Berries are what’s on everybody’s lips these days (see, for example, Life Begins at Thirty, Simple Circle, or The Ethicurean). I think there is something magical about fruit. Most fruit plants are perennial, and often somewhat nondescript in appearance for most of the yearthey are just part of the landscape. And then, suddenly, they are laden with fruit, wonderful, energy-filled, sweet tasting, beautifully colored treasures. Often guarded by thorns, or competed for by birds or other hungry creatures, but pretty easy to gather for all of that.
I’ve never lived in a house with much going on fruit-wise. I grew up and continue to live in rentals, and fruit plants are a perennial commitment not much made in rental properties. In Seattle, our backyard was filled with blackberry brambles, but we never gathered the fruit, feeling more combative than epicurian toward the ever-encroaching canes. In Oakland we were surrounded by Meyer lemons in other people’s yards, and enjoyed them as donations from less culinarily-inclined folks. We had quite a successful garden, but never planted any fruits. Our neighbors there had a huge and glorious plum, but they never ate the fruit, and mostly complained about how it screwed up their lawn.
But here, the little house we live in was actually owner-occupied for some years, and someone planted quite a few different fruiting plants. We have a large strawberry patch that gave us the first lovely sweetness of the year. The patch is on our way back to the chickens, and many a berry never made it out of the yard, as we’d squat at the edge and pluck the ripest and eat them right there, saving the ones the squirrels and slugs had snacked on for the girls. They looove strawberries.
We’ve also got italian plums forming up, alongside our asian pear. Our landlord says that the asian pear needs to be pollinated by another asian pear. Given the lovely reddening globes forming all over the tree, someone around here within bees’ flight has one.
Our current harvest is from the two blueberry bushes planted in the front yard. They are fairly nondescript little bushes, sheltered by the Golden Ash, valiantly holding the soil on the incline to the sidewalk. I have honestly never known anyone who had a blueberry bush. This is odd, because they are apparently pretty hardy, good for the soil, and, well, of course, they make BLUEBERRIES! Patrick says they’re a good permaculture plant. And aren’t blueberries one of the recently “discovered” wonder fruits that have antioxidants? (I just started hearing a Garrison Kiellor voice-over in my head. Has you family tried ’em, you know they’ll satisfy ’em . . .)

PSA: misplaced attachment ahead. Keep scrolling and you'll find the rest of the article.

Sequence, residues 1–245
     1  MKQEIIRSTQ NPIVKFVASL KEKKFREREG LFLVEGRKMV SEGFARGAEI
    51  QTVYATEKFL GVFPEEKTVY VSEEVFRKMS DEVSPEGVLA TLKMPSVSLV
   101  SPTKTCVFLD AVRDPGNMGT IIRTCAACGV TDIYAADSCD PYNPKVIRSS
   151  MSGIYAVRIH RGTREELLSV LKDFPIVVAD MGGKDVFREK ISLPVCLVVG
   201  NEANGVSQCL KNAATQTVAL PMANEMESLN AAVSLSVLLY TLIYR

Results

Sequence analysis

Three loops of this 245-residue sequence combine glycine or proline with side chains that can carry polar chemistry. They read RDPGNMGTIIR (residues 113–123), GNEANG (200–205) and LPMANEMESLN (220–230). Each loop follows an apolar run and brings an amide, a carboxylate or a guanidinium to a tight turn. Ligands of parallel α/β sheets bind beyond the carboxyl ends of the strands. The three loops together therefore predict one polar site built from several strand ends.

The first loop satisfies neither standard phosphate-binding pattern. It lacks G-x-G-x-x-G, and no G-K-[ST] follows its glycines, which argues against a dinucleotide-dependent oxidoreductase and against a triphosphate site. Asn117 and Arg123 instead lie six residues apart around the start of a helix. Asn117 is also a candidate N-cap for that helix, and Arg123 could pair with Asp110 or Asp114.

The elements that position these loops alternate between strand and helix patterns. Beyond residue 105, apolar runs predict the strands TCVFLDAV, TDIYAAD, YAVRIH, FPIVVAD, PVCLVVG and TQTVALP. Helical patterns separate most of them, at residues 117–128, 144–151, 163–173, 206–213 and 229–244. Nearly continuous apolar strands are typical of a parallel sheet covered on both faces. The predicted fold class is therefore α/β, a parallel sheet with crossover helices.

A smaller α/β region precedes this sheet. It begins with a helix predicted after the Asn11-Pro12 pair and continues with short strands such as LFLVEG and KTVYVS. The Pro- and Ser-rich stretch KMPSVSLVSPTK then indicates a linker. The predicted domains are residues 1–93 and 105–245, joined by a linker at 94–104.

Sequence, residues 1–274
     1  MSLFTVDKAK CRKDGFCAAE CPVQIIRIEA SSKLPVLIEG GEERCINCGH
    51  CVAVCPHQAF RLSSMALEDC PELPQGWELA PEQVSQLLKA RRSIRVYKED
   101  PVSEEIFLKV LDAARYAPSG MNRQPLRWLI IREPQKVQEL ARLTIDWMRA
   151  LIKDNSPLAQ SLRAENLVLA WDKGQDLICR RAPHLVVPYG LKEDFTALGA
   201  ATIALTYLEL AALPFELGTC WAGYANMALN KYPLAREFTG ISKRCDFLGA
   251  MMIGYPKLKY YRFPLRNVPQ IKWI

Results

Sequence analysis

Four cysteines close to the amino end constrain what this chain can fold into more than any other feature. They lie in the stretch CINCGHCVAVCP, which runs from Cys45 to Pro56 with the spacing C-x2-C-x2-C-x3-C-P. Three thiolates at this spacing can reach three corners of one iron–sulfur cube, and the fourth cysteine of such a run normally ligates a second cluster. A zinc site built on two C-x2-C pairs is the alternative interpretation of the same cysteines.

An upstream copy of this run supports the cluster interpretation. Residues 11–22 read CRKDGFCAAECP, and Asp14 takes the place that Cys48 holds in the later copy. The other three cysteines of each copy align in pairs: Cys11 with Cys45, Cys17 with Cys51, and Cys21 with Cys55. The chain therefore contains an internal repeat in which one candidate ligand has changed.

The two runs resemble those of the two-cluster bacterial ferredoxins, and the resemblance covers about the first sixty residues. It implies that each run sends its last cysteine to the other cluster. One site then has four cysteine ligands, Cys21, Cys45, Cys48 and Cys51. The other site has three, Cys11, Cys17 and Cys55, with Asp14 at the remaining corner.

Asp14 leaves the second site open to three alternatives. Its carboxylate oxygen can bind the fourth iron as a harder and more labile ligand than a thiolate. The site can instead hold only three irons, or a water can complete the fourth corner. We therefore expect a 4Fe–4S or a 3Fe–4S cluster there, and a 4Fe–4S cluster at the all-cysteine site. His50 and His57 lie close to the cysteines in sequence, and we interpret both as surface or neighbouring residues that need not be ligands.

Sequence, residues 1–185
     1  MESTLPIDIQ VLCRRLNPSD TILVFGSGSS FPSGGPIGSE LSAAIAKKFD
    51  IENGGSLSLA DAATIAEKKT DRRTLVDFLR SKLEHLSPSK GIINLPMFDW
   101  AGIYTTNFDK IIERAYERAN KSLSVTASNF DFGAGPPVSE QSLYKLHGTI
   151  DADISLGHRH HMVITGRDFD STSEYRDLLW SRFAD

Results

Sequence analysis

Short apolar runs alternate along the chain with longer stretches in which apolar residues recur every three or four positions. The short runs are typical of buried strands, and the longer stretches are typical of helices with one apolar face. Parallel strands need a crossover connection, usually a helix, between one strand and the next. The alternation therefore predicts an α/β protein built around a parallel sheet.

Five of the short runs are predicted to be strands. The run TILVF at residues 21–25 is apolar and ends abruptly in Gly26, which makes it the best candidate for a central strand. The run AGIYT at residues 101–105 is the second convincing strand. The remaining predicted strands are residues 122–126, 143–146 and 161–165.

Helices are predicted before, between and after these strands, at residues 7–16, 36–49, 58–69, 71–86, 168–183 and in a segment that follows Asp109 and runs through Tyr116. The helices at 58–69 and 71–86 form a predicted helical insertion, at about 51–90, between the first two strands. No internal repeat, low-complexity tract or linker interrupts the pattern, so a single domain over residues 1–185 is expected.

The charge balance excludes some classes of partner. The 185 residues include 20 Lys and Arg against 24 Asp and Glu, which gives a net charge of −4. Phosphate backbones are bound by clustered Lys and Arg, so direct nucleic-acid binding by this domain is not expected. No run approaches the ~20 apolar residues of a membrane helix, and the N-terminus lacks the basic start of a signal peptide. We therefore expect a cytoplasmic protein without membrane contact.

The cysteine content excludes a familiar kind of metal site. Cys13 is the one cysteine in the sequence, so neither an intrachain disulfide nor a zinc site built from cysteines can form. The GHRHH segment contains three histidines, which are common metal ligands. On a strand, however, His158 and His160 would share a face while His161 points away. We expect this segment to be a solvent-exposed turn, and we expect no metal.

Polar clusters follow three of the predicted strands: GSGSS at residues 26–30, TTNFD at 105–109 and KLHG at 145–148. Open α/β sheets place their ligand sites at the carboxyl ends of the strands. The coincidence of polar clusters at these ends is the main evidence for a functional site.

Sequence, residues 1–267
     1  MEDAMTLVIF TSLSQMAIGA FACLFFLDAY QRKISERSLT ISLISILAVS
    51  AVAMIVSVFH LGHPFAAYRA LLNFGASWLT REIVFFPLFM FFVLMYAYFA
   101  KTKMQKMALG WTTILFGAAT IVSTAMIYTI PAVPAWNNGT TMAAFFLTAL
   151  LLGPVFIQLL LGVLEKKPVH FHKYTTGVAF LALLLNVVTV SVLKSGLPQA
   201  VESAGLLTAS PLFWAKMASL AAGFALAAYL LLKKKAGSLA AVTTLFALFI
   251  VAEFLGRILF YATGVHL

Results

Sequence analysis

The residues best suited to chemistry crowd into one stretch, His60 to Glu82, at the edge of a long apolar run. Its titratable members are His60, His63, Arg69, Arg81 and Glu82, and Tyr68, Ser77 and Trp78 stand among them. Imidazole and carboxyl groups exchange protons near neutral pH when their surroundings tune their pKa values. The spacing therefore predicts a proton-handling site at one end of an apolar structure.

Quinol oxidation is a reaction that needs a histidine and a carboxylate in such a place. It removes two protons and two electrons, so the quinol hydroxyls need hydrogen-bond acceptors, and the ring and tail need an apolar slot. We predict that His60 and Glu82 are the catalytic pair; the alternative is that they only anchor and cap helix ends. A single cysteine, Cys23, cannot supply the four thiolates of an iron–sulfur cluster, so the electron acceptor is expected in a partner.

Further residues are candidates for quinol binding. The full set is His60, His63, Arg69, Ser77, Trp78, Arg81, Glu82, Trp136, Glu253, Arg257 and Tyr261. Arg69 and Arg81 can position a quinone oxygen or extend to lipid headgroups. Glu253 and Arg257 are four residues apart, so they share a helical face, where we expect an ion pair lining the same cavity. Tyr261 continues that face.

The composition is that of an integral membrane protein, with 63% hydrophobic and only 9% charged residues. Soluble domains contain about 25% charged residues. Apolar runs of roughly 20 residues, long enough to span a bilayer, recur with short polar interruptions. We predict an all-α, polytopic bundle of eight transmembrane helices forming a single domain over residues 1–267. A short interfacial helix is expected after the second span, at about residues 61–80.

When I first saw the little globes forming this spring I felt like a kid. I wanted to go around and show everyone. Look! See the blueberries? They’re green! I restricted myself to Patrick, though. Then they started getting just a tinge of blue. Next thing I knew, the bushes were positively laden with plump, huge blueberries. I went out with a small bowl to harvest, and filled it without even really trying. I thought we’d maybe get a cup or two. Our first harvest was probably five or six cups and the second a couple of quarts. We ate a bunch of the first harvest just out of the bowl, had blueberry pancakes for lunch, and them froze a pound or so. I washed them and left them to dry on a towel, then I laid them out on a cookie sheet and put the sheet into the chest freezer. After they’d frozen into a mass of little blue marbles I put them into a container. My mom says that way they don’t get ice crystals.
We took a tub of berries from our second harvest on our big ride last week for roadside snacking. I made a really delicious blueberry cobbler as well. This recipe was from a little volume Deborah Madison did for Chronicle Books, with a vegetarian twist on traditional American dishes called The Vegetarian Table: America.
4 c blueberries
6 T sugar
1/2 t ground cinnamon
1/2 t freshly grated nutmeg
1/8 t ground cloves
1/4 c molasses*
2 T fresh lemon or lime juice
1 3/4 c all-purpose flour
1/4 t salt
2 1/2 t baking powder
7 T chilled butter
1/2 c + 1 T milk or light cream
*I didn’t have molasses, so I used 2 T brown sugar and 2 T honey. Worked fine.
Preheat oven to 425°
To make filling: Put cleaned and rinsed blueberries in a 2 qt gratin dish. Mix together the dry filling ingredients and sprinkle all but 1 1/2 T of the mixture over the berries. Drizzle the molasses/honey and lime juice over all and stir gently with a spatula. Deb recommends placing in a 350° oven for five minutes to allow the berries to start juicing up. I didn’t do thisthey gave up plenty of juice!
To make topping: Mix the dry ingredients together, and cut in the butter until you get a coarse crumb texture. Beat the egg and milk together in a separate bowl and then stir into the flour swiftly. Spoon the dough over the berries evenly and sprinkle the top with the reserved sugar mixture.
Bake for 30 min on rack in center of oven. If the cobbler comes near the top of your dish, place it on a baking sheet. Allow to cool for 15 min before serving warm. Super yummy with ice cream.